Live Review: Ocean Colour Scene, The Coral, Bluetones, Dodgy

‘Sips another rum and coke…’

The Leadmill is undoubtedly Sheffield’s most iconic venue. It is heartening then to see the hallowed club branching out into other areas of the city. A blazing hot weekend in August has seen the venue host a trio of massive outdoor gigs at the Don Valley Bowl, just outside of the city centre. I arrived on the Sunday for the third of these shows with a song in my heart and and a few extra pounds round my waist. It has been a summer of indulgence…

Local band Sheafs kick things off and they make an almighty racket. 3.30pm is a stinking slot for any band but they make the most of it with a confident and entertaining performance. It’s nice to see a new band making an effort with the stage set up and crowd participation and by the time they play their new single and best song This Is Not A Protest, they have won the audience over. And by won them over I mean that the singer waded into the crowd and commanded people to hold up signs baring the name of the song like a bossy primary school teacher. It worked for me though.


Dodgy are a band that I am yet to tick off my ever expanding list of Britpop acts that I have seen live. This unhealthy obsession stems from the fact that, as a child of the ’90s, almost every artists from that era holds some kind of emotional attachment for me. I always remember Dodgy playing in the car on a trip to Bridlington beach with my Dad for example. That song was Good Enough and it sounds suitably brilliant here. Dodgy were always slightly underrated first time round and while literally nobody is interested in hearing any of their new material, songs like In A Room and particularly If You’re Thinking of Me still sound great. Frontman Nigel Clark clearly still believes in the material and his voice is the same as it ever was.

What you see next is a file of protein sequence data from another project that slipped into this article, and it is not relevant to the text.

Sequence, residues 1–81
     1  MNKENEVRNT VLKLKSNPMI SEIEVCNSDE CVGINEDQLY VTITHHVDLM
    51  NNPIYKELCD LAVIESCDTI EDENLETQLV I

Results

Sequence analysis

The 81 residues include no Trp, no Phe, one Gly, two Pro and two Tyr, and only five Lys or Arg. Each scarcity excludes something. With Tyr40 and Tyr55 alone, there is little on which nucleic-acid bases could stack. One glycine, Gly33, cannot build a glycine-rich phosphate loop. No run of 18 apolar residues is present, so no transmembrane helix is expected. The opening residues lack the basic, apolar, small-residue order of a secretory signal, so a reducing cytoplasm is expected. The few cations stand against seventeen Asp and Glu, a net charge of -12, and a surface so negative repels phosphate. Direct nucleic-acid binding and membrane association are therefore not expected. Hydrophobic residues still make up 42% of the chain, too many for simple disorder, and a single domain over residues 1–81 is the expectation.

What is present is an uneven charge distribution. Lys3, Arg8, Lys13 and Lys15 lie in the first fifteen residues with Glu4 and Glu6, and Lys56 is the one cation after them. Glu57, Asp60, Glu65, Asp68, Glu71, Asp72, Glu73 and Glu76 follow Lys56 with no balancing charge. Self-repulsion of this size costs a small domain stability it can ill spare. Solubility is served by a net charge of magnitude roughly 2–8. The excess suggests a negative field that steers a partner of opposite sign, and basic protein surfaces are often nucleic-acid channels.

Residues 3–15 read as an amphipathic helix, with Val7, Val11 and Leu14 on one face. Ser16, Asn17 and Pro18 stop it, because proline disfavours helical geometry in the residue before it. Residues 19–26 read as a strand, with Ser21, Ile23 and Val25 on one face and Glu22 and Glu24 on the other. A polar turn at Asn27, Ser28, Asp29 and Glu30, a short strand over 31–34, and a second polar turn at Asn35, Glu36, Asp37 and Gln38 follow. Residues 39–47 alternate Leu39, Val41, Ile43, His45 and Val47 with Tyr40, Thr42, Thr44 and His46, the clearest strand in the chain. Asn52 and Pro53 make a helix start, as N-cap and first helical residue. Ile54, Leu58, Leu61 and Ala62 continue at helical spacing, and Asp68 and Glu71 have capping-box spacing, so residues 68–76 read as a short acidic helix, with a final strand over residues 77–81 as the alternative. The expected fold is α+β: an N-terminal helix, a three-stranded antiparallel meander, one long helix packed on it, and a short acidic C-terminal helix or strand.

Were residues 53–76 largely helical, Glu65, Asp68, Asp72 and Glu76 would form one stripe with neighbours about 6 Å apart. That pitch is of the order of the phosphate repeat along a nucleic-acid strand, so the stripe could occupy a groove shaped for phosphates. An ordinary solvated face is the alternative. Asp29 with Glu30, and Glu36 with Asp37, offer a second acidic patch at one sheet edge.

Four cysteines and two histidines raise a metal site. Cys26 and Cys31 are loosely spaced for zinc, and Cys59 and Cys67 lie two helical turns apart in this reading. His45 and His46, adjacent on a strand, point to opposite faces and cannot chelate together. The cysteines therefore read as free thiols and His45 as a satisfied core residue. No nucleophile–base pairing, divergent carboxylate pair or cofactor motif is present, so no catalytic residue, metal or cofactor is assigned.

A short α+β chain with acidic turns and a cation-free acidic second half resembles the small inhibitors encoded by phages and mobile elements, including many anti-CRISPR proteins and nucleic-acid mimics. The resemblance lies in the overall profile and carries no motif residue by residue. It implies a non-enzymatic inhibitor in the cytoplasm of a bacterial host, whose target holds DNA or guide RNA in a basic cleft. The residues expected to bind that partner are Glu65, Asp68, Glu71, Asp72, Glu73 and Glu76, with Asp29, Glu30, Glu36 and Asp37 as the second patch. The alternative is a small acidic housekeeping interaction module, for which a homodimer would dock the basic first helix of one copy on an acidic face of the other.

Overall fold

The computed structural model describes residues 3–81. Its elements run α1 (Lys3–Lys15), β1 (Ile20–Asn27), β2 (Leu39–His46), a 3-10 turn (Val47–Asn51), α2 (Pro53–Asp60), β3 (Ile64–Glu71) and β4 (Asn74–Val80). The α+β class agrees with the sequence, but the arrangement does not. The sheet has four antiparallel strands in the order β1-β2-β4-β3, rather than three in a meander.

On a bill mostly made up of Britpop bands, The Magic Numbers are the odd ones out what with being an American rock group, but actually their rootsy guitar sound is not a million miles away from either the Coral or Ocean Colour Scene.

One criticism I often have of live music is that you can’t hear what the singer is saying (because apparently I have already become an old man shouting at clouds) but Romeo Stodart comes across loud and clear and the bands Fleetwood Mac shtick goes down on a treat. The whole set is tight but there is a nagging feeling that the pair of siblings that make up the Magic Numbers are having way more fun than anyone else.  Classics such as Forever Lost and Love is a Game sound massive however, and Love Me Like You provides the first transcendent moment of the afternoon as band and audience are in symbiosis.

The Magic Numbers!

Mark Morriss of The Bluetones is a man who is never afraid to poke fun at himself and he often points out the ailing chart position of many of the band’s ‘hit’ singles during his live performances. Having said that, the Hounslow heroes have a fair few festival friendly songs in their arsenal. ‘After Hours’ is a jaunty drinking anthem, Marblehead Johnson stands as one of Britpop’s great ‘lost’ singles and Slight Return is quite simply a classic. At one point Morriss jokes ‘you’ve got some great bands on this bill today… and Dodgy’ to a gale of laughter from the crowd. It is this idea of being Britpop survivors that brings the audience and the artists together and this makes Don Valley Bowl feel like a celebration rather than the last gasps of a moribund movement. By the time the band close with If, there isn’t a punter yet to be converted to the church of Mark Morriss and the Bluetones. Another success.